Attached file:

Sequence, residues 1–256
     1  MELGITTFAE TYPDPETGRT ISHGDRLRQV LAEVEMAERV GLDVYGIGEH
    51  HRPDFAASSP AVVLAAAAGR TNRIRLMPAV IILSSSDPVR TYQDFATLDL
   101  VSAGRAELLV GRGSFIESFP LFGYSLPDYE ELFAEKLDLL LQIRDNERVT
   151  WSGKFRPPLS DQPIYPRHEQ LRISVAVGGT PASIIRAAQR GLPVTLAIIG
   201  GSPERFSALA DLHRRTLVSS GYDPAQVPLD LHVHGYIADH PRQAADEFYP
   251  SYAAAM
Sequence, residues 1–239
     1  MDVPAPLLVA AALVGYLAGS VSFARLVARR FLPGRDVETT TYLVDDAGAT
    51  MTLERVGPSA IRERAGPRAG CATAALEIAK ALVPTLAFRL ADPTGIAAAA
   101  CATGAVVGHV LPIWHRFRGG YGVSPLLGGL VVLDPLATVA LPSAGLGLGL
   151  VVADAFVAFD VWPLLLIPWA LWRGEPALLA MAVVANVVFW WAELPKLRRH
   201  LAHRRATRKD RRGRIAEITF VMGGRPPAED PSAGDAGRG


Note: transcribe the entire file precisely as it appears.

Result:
Sequence, residues 1–256
     1  MELGITTFAE TYPDPETGRT ISHGDRLRQV LAEVEMAERV GLDVYGIGEH
    51  HRPDFAASSP AVVLAAAAGR TNRIRLMPAV IILSSSDPVR TYQDFATLDL
   101  VSAGRAELLV GRGSFIESFP LFGYSLPDYE ELFAEKLDLL LQIRDNERVT
   151  WSGKFRPPLS DQPIYPRHEQ LRISVAVGGT PASIIRAAQR GLPVTLAIIG
   201  GSPERFSALA DLHRRTLVSS GYDPAQVPLD LHVHGYIADH PRQAADEFYP
   251  SYAAAM
Sequence, residues 1–239
     1  MDVPAPLLVA AALVGYLAGS VSFARLVARR FLPGRDVETT TYLVDDAGAT
    51  MTLERVGPSA IRERAGPRAG CATAALEIAK ALVPTLAFRL ADPTGIAAAA
   101  CATGAVVGHV LPIWHRFRGG YGVSPLLGGL VVLDPLATVA LPSAGLGLGL
   151  VVADAFVAFD VWPLLLIPWA LWRGEPALLA MAVVANVVFW WAELPKLRRH
   201  LAHRRATRKD RRGRIAEITF VMGGRPPAED PSAGDAGRG